Experience with mobile technology among patients with tuberculosis in San Diego, California and Tijuana, Mexico
K Collins1, F Muñoz1, K Moser3, P Cerecer-Callu5, F Raab4, A Flick4, P Rios4, ML Zúñiga1, J Cuevas-Mota1, JL Burgos1, T Rodwell1, MG Rangel5, K Patrick2,4, RS Garfein1
1UCSD, Department of Medicine, San Diego, CA; 2UCSD, Department of Family and Preventive Medicine, San Diego, CA; 3San Diego County Health and Human Services Agency, San Diego, CA; 4UCSD CALIT2, San Diego, CA; 5El Colegio de la Frontera Norte, Tijuana, Baja California, Mexico
Journal MTM 2:4S:13, 2013
Each year, nearly 9 million cases of tuberculosis (TB) occur worldwide, resulting in 1.4 million deaths. While curable, long treatment regimens (6–24 month) negatively impact adherence for many patients, resulting in ongoing illness, continued transmission, and development of drug-resistant TB. Directly observed therapy (DOT) is recommended for improving adherence. DOT consists of TB providers watching their patients ingest each medication dose. However, DOT is costly, labor intensive and impractical in remote or resource-poor settings. To reduce these barriers, we developed the “Video DOT” (VDOT) system, whereby patients use mobile phones to record and send daily videos of themselves taking medications, which are then viewed remotely by DOT workers. To gauge feasibility of this technology-based approach, we assessed prior experience with mobile phones and willingness to adopt mHealth interventions in a sample of TB patients in the US/Mexico border region.
VDOT was pilot-tested in a single-arm trial among TB patients in San Diego, CA (n= 43) and Tijuana, Mexico (n=9). Participants were interviewed before and after using VDOT for an average of 5.5 months (range 1–11 months). Ages ranged from 18–86 years old, 50% of patients were male and 50% were Hispanic. Education ranged from 24% completed primary education or less to 57% completing at least some college. Prior to study enrollment, 94% of participants owned a cell phone (55% were smartphones), of which most reported experience sending photos (72%) or videos (57%) from a cell phone, and 64% reported sending text messages daily. Age was the only factor significantly associated (p-values < .05) with owning a cell phone, owning a smart phone, sending pictures and videos, and daily text messaging. Experience with technology was similar between San Diego and Tijuana participants. Compared to baseline ranking on a 10-point scale, participants felt more comfortable using cell phones (+.77, p=0.008), phone cameras (+1.43, p=0.006), phone video cameras (+1.68, p=0.009), internet (+.68, p=0.100), email (+.72, p=0.226) and text messaging (+.29, p=0.299) at follow-up.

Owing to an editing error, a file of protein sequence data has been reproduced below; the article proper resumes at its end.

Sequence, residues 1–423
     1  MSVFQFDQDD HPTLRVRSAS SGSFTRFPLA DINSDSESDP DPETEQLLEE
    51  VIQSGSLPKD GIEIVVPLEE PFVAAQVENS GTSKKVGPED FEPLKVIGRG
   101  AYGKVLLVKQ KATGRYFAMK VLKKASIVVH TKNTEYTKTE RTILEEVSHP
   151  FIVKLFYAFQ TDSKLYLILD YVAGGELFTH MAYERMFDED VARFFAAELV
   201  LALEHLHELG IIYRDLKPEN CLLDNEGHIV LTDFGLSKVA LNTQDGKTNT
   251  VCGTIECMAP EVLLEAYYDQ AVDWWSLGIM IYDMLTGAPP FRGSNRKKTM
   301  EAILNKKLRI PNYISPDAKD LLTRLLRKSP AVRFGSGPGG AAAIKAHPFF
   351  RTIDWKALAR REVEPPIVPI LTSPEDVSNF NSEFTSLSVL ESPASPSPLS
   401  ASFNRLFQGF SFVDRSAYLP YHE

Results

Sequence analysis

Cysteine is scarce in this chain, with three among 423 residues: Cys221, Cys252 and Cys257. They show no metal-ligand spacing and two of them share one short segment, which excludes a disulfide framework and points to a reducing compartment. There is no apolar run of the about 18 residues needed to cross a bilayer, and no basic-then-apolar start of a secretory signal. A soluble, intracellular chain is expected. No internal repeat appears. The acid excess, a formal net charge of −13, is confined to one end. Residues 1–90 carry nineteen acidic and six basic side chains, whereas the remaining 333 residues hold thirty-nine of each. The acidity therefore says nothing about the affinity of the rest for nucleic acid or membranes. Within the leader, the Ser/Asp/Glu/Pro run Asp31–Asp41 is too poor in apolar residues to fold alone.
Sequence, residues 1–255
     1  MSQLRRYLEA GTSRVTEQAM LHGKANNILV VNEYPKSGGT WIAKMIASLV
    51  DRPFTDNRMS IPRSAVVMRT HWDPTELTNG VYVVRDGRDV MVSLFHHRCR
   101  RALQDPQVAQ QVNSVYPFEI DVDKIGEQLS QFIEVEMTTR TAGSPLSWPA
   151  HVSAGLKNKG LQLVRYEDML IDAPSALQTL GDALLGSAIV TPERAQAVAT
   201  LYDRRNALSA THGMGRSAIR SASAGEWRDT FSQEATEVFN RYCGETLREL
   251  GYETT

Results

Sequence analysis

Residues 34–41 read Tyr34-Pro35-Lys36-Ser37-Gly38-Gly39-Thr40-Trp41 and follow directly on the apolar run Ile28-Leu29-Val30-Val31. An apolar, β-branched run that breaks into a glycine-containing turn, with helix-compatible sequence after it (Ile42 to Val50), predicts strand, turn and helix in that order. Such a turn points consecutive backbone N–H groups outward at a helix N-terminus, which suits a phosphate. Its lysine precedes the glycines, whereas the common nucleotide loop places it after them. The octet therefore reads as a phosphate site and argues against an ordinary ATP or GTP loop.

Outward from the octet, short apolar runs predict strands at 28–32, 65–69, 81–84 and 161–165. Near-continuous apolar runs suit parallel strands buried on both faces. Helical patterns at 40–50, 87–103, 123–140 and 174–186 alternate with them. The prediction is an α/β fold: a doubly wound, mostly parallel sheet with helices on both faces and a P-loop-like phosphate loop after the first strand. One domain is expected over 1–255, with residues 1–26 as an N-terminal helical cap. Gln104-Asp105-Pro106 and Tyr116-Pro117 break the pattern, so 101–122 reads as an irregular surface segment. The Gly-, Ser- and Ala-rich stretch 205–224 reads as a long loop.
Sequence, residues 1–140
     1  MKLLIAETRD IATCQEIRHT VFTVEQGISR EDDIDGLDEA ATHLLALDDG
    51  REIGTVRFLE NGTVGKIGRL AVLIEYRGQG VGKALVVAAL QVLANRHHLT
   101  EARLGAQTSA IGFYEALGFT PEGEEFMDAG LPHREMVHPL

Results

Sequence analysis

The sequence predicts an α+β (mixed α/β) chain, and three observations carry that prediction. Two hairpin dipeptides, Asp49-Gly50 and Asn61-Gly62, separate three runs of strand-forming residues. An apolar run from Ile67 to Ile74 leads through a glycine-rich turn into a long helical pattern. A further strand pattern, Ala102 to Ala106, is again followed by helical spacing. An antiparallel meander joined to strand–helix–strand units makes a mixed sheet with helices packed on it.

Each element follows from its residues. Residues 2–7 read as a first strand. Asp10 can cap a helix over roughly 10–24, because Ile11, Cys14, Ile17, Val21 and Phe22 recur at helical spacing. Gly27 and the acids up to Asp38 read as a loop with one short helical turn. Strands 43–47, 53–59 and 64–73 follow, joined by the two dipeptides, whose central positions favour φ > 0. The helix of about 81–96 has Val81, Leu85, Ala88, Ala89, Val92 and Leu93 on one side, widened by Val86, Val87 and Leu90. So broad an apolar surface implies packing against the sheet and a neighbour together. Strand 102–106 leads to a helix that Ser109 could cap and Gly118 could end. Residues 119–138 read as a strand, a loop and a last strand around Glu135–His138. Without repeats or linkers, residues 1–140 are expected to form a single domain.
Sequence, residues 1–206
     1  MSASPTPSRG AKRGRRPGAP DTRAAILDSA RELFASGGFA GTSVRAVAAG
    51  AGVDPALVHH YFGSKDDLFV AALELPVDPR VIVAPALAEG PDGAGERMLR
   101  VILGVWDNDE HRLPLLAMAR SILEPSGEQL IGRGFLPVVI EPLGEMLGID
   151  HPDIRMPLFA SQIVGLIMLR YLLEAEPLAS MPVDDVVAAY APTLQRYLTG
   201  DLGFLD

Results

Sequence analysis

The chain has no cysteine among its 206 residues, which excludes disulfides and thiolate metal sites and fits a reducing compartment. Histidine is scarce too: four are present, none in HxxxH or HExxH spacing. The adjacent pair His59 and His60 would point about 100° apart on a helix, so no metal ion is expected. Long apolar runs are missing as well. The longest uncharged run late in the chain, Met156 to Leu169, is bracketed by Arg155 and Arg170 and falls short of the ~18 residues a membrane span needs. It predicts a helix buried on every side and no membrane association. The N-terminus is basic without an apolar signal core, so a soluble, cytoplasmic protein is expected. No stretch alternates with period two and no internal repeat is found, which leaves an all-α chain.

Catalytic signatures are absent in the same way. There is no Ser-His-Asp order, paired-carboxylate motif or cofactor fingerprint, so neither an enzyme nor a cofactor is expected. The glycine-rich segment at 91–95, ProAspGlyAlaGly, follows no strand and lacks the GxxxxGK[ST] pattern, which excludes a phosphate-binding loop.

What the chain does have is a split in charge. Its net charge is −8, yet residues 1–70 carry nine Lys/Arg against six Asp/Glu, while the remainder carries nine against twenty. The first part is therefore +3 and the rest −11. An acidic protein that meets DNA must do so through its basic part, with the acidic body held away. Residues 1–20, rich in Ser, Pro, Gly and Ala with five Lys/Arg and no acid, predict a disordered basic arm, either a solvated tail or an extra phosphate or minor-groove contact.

Cell phone use was very common among a demographically-diverse sample of TB patients. Younger patients had the most experience with smartphones prior to study enrollment, making this demographic especially prepared to adopt mHealth interventions. The experience of using smartphones for VDOT also led to an increase in comfort using mobile phone functions in both low and high-resource settings. These findings suggest that smartphones provide a feasible platform for TB treatment monitoring applications.